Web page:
Rushing to Acquit

In the past months, a steadily increasing flow of information strongly suggests that Bush-Cheney Administration officials may have committed or approved of the commission of War Crimes and other violations of international and domestic law in pursuit of its "War on Terror." In reaction to the building mass of evidence-- testimonial, documentary, videotapes, and photographs--of torture and cruel treatment of detainees from Guantanamo to Bagram to Iraq, a number of commentators and pundits have tried to "spin" the evidence away from accountability. According to these media partisans, no one should be prosecuted, the President should issue pardons to all, and the best option is to have some kind of truth commission later on when it's all over. Despite a scathing report from the Justice Department's Office of the Inspector General in May, 2008, reporting the F.B.I.'s observation of a catalogue of abuses at Guantanamo, Attorney General Michael Mukasey has refused to take any action against Justice Department or other officials who may have been involved in sanctioning the use of "enhanced interrogation" methods, including torture.

These "enhanced interrogation" methods, derived from Chinese and Soviet techniques developed to torture U.S. soldiers, have been called "necessary" by those who promulgated their use despite pervasive evidence that such techniques do nothing more than produce false confessions.

Ignoring the legal requirement for investigation and accountability for the use of cruel and inhuman treatment, including the use of torture, is a wholesale abandonment of this country's commitment to the Rule of Law. I firmly object to a premature pre-emption of possible prosecutions against people who have committed War Crimes or other violations of U.S. and international law. It is imperative that the United States, long a supporter of human rights, the Geneva Conventions, and the Convention Against Torture, honor its commitment to these laws. To do otherwise is to abandon the long-standing principles of this nation and to endanger the standing of the United States as an advocate for human rights. To do nothing diminishes the value of the Rule of Law.

I do not deny the horrific violence committed against the United States on September 11, 2001, or the trauma it has caused. I do deny that the attacks of 9/11 absolve the United States of its historic commitment to the Rule of Law. U.S. commitment to laws regulating war arises from deep within American history, something that the architects of the "war on terror" seem to have ignored. The United States first stood for humane treatment of captives during the Revolutionary War, when George Washington forbade his troops from mistreating the British, even if the British tortured Americans. During the Civil War, Lincoln commissioned the Lieber Code establishing a law of war. After World War II, the U.S. was a primary advocate for the Geneva Conventions. And it has honored Geneva and held the Conventions applicable through every war until the "war on terror." Moreover, the United States is a signatory of the Convention Against Torture, and the Detainee Treatment Act of 2005, which specifically forbids the military, although not the CIA, from engaging in torture or cruel, inhumane, and degrading treatment of "detainees."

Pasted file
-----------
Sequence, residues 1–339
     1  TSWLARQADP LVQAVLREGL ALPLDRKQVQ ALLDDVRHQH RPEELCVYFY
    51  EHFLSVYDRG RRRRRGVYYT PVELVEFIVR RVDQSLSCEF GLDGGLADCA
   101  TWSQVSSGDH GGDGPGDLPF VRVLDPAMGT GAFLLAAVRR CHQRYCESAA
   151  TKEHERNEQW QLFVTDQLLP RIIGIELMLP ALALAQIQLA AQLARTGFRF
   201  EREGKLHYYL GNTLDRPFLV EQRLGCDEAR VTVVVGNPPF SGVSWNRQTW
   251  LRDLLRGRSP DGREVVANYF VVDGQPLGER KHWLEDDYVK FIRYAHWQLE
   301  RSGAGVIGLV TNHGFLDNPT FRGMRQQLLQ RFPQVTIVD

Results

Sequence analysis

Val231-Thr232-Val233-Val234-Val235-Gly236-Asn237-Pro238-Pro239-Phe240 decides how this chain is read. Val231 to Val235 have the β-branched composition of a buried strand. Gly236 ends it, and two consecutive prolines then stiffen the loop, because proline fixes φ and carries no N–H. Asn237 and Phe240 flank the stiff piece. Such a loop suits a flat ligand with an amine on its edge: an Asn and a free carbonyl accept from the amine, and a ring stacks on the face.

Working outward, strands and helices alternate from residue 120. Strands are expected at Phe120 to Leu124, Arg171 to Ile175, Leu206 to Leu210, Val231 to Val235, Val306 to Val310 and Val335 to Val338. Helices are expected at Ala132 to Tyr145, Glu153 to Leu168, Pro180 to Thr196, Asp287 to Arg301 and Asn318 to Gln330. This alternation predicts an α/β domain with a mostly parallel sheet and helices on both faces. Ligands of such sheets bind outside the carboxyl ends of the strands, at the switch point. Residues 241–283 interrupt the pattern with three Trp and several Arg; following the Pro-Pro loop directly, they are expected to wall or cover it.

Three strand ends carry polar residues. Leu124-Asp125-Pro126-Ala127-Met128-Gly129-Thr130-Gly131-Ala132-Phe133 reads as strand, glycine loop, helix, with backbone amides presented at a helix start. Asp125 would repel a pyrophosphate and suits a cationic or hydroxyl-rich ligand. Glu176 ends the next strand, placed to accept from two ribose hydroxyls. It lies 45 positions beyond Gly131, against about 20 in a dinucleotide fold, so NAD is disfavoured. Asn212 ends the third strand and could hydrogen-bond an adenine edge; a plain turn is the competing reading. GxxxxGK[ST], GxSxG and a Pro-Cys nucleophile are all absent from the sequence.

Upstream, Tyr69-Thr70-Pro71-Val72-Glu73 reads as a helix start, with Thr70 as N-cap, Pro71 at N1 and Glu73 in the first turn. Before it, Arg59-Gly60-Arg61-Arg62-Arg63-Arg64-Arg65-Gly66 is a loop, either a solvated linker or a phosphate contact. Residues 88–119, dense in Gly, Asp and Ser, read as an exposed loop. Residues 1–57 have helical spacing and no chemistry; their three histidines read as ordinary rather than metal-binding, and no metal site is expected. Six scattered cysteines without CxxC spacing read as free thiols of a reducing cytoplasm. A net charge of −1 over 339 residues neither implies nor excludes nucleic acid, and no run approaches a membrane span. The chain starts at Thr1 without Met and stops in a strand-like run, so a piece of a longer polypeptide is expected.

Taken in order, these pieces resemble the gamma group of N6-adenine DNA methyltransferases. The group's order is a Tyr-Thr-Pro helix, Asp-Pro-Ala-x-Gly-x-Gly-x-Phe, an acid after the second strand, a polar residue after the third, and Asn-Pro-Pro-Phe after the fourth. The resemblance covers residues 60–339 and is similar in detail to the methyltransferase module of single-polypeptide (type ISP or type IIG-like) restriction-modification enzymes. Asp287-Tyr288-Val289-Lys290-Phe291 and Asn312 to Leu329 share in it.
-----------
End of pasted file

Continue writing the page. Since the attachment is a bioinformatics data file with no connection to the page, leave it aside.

The United States not only helped promulgate the Geneva Conventions, it was a signatory and enacted legislation binding the country to the Conventions. Geneva prohibits the mistreatment of any captive in a war, regardless of status. The Bush Administration lawyers decided, on the basis of one highly criticized Supreme Court case, In re Quirin, to argue that anyone designated an "enemy combatant" had no rights under Geneva or any other law, including the criminal law of the United States. The Geneva Conventions, however, contain no such description or definition. And, since Quirin, the United States has honored Geneva and the Supreme Court has repeatedly held that simply calling someone an "enemy combatant" does not remove the person from the protection of the laws, including Geneva and the Constitution of the United States.

Impunity from prosecutions for war and other crimes is for dictatorships, not democracies. Thus, I steadfastly believe that "impunity" from prosecution for crimes committed by government agents or their superiors -either through pardons or refusals to investigate and prosecute-- damages the commitment to the Rule of Law for which the United States has long stood, and for which International Law has stood, for many years. The Nuremberg Principles made clear that obeying orders from a "higher authority" did not excuse war crimes and crimes against humanity. As a chief prosecutor at Nuremberg, and as a country that has long stood for the principle of being a government of laws, not men, the United States cannot and should not abandon the Rule of Law for convenience, its own political comfort, or deniability of crimes committed in the name, if without the approval, of the American people. Ruling out prosecution in advance of the evidence is neither a legal nor a moral option.

Lynne Henderson, AB 1975, J.D., 1979, Stanford, is a Professor of Law at Boyd School of Law, University of Nevada, Las Vegas. She teaches and writes in the areas of criminal law, constitutional law , feminist jurisprudence, and violence against women. She is a member of the Society of American Law Teachers, SALT, and serves on a SALT committee dealing with human rights issues post-9/11.

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